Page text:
Jay Town Supervisor Randy Douglas said the litigation was not initiated by his town; the dispute was over shared billing for hours worked by the chief sewer-plant operator.
“The only time we withheld payment was in 2011, and their financial woes stemmed back to 2009,” he said.
“Since the Town of Jay has become the lead agency, we have had to pay for numerous issues (in the sewer system). In addition to the cost of a lawsuit and necessary repairs, it (the plant) now runs efficiently.”
Douglas said Jay disputed the hours that the chief plant operator worked, with his town being billed for its share of someone putting in four to six hours of work time daily. A closed-circuit television camera recorded as few as 30 minutes spent at the plant on many days, he said.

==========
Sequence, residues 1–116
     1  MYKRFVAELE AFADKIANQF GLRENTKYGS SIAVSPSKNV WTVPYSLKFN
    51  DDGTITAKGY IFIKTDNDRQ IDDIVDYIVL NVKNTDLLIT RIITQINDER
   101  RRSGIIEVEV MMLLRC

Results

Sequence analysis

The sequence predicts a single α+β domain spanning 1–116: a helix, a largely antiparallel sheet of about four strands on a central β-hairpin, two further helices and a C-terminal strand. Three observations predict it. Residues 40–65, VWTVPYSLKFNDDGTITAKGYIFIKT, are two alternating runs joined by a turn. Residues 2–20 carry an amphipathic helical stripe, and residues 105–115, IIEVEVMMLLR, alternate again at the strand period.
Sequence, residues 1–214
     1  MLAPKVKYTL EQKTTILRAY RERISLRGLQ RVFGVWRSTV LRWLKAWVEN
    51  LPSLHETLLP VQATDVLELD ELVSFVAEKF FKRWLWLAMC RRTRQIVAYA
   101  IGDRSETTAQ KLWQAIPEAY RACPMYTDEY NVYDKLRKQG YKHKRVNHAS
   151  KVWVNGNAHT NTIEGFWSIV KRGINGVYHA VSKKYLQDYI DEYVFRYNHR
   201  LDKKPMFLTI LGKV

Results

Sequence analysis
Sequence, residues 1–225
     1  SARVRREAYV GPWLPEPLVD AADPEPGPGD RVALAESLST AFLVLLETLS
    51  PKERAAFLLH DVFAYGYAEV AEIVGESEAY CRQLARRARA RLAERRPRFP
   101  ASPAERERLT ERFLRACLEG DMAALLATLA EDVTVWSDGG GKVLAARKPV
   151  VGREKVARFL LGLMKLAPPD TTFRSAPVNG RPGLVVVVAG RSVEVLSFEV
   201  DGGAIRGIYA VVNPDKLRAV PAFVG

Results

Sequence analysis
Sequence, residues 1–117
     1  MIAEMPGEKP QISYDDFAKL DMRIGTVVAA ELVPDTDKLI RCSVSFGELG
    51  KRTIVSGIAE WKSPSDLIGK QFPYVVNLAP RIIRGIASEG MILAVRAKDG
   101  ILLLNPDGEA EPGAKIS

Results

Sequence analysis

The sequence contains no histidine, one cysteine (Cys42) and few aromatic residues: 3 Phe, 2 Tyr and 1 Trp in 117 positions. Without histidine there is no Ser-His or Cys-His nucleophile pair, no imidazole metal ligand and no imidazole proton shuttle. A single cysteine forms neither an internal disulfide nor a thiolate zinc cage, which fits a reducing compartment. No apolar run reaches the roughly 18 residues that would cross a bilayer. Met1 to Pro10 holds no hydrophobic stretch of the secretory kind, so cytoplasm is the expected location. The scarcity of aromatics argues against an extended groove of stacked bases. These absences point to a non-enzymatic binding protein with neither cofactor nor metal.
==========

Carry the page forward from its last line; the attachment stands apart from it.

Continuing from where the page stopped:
Aubin said those problems have been corrected.
“We met with Town of Jay to try to resolve that and go over bills. It’s unfortunate. We don’t want to fight over something like this.”
Douglas said he also did not want to be at odds with Black Brook representatives.
“We help them out all the time. We’re neighboring towns.”
Some of it comes down to Black Brook not wanting to increase costs that many residents could not afford, Aubin said.
“We were looking at handling the problem without raising fees. The comptroller’s report was accurate — we weren’t charging enough. We believe we are now.”
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